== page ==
On Saturday, I had the honor of being part of the inaugural TEDx Fort Wayne event. My presentation, “Accessibility: Fort Wayne’s Competitive Advantage,” focused on why I have chosen to stay here after moving from the greater Boston area–and how accessibility to time, money and people presents Fort Wayne with a great story to tell from a talent retention and economic development standpoint.
Thanks to Craig Crook and his team of volunteers, it was a tremendous experience for me as a presenter. It was also a great learning experience, with lessons that will stay with me for a long time, including:
1. Preparing for an 18 minute presentation is, in some respects, harder than preparing for a 60 minute presentation. There’s less wiggle room, and every word matters.
2. 18 minutes is enough. Did I say everything I could have possibly said about how accessibility is Fort Wayne’s best story, and its greatest competitive advantage? No. But I said enough to start the conversation without going on so long that the audience lost interest (or at least I hope not).
3. Whenever possible, go first. I didn’t plan on being the first (live) presenter at TEDx Fort Wayne, but it worked out great for me. I was able to exhale and enjoy the other speakers–enough to know that some of them would have been tremendously hard to follow.
4. Fort Wayne has some incredible talent. Not so much something I learned as something that was reinforced, but it was amazing to see it all come together at one event.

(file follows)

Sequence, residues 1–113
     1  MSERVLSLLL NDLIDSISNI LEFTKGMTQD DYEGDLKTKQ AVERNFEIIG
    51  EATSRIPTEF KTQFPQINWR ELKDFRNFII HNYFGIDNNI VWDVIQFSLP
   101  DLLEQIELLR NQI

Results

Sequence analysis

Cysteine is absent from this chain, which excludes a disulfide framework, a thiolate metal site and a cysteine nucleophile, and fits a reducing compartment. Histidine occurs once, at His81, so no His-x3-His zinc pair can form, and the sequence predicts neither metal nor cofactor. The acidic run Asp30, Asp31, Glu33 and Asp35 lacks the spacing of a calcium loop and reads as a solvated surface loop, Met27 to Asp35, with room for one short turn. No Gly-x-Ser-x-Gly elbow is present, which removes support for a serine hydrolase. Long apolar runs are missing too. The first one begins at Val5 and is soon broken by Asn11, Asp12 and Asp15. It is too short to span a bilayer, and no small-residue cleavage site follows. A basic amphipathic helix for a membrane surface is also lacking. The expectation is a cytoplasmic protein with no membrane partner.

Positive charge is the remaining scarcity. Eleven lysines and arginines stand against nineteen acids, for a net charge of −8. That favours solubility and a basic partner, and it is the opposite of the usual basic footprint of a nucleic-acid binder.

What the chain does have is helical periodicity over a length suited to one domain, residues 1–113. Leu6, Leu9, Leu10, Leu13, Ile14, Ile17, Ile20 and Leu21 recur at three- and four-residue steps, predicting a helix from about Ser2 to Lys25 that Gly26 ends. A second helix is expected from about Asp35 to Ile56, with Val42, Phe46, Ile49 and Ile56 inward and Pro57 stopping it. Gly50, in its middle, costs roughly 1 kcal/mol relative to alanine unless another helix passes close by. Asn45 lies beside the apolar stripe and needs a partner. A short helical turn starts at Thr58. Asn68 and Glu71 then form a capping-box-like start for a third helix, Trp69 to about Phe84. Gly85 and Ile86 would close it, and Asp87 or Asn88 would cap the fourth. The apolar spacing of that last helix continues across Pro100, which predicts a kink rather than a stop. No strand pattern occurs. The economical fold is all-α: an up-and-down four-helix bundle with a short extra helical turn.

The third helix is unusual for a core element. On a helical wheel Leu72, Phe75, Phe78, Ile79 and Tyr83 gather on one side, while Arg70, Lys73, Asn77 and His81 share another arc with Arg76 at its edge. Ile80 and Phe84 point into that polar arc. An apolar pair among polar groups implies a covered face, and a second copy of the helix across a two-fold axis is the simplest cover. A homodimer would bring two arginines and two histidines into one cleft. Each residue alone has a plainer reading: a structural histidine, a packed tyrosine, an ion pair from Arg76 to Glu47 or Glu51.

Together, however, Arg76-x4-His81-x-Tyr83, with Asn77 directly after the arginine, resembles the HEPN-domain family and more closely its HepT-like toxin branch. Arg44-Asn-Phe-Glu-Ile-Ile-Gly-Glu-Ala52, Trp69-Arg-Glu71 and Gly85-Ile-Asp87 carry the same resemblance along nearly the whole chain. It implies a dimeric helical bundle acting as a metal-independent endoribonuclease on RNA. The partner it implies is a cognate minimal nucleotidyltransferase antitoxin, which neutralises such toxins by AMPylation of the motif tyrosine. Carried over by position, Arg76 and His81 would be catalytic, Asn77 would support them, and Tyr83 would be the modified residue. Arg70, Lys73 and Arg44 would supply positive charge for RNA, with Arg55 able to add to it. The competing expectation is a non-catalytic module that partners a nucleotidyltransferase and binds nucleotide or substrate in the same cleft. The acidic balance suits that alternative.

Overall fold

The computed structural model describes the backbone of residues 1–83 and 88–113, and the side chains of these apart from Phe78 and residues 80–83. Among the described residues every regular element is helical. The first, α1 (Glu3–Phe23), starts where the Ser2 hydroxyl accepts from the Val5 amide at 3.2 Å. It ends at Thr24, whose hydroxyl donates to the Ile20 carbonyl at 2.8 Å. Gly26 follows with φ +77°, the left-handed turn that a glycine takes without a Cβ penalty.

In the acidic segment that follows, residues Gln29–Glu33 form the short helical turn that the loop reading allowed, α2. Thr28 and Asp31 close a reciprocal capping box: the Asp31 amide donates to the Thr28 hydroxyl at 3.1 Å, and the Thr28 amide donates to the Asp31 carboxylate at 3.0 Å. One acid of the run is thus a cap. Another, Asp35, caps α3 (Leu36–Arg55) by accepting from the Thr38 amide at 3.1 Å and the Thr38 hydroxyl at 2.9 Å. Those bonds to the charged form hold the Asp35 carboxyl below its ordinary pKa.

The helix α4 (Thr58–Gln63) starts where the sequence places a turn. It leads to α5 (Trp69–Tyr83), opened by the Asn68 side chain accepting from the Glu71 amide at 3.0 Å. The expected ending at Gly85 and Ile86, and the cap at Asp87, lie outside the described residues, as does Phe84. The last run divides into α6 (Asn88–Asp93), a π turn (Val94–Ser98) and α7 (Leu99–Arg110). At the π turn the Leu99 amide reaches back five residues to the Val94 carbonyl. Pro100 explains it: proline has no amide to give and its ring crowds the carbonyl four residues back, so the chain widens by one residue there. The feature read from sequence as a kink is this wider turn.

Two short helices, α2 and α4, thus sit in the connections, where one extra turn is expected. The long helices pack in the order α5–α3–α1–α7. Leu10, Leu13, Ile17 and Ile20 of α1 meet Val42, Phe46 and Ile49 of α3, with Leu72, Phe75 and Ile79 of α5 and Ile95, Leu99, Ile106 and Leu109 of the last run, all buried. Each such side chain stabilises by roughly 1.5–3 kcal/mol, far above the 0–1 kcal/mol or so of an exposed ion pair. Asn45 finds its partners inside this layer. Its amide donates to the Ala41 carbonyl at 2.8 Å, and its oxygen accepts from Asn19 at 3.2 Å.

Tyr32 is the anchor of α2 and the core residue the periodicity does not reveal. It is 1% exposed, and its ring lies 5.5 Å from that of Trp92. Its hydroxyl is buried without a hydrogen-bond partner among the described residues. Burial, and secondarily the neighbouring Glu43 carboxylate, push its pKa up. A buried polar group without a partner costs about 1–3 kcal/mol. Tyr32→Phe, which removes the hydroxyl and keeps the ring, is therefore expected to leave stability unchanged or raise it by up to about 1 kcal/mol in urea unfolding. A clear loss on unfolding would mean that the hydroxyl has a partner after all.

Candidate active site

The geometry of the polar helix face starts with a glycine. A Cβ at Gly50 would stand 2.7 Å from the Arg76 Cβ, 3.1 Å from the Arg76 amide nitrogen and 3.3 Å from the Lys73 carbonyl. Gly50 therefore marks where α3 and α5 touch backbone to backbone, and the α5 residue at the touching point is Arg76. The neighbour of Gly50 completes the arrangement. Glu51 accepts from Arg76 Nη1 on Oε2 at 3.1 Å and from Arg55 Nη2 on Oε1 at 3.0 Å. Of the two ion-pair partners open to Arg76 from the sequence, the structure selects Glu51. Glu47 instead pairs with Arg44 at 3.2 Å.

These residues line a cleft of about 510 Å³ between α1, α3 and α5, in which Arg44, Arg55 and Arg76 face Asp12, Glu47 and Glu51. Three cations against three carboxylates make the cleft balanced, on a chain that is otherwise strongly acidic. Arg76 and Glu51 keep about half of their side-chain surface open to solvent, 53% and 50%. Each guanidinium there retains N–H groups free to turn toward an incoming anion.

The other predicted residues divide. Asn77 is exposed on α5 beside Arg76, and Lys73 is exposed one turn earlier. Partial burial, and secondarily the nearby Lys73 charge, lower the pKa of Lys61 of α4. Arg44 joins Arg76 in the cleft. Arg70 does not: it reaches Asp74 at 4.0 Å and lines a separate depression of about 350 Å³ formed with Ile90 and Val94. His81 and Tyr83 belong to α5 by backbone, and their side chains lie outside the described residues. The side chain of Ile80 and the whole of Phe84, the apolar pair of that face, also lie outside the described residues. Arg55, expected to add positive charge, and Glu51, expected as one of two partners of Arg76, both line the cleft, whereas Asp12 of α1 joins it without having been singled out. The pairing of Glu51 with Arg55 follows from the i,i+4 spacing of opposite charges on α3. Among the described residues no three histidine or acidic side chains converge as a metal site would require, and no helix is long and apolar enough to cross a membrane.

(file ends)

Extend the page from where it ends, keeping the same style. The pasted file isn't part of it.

5. A clicker is better. I usually don’t use a remote clicker when I present, unless the venue provides one. I’ve just been too lazy/cheap to buy one, I guess. What I realized Saturday is how much worse it is to advance slides via your keyboard. Doing so locks you to your laptop and prevents you from truly being with the audience. That makes it less likely you’ll have their full attention. So, I’m buying one of these.
6. Craig Crook is a force of nature. This was a big event, with a lot of parts and pieces to coordinate. Craig and his team pulled it off beyond everyone’s expectations. Phenomenal.
7. Ideas beget ideas. One of the best things about Saturday’s event was that the idea sharing went well beyond the presentations. It seemed like everyone in attendance was inspired to think big.
8. It’s very likely I have ADHD. And, thanks to Rebecca Hession, I now know that’s not bad–just different.
9. Say yes, whenever you can. I almost had to say no to being part of TEDx Fort Wayne. I’m trying to get better about not spreading myself too thin, so giving up a Saturday morning in May seemed like an imposition. I also wasn’t sure my background aligned with the “social and sustainable innovation” theme. But when all was said and done, I couldn’t say no to a TEDx event. I ended up compromising, spending the first half of the day at TEDx Fort Wayne, and then getting home in time to see my wife and my son and get some things done around the house. I wish I could have stayed for the afternoon, but I’m REALLY glad I didn’t miss the whole thing.
Thanks to all the volunteers who made it happen, to the audience for being so gracious, and to the other speakers for setting the bar high. There’s no doubt that on Saturday, everyone learned that Fort Wayne has “ideas worth spreading.”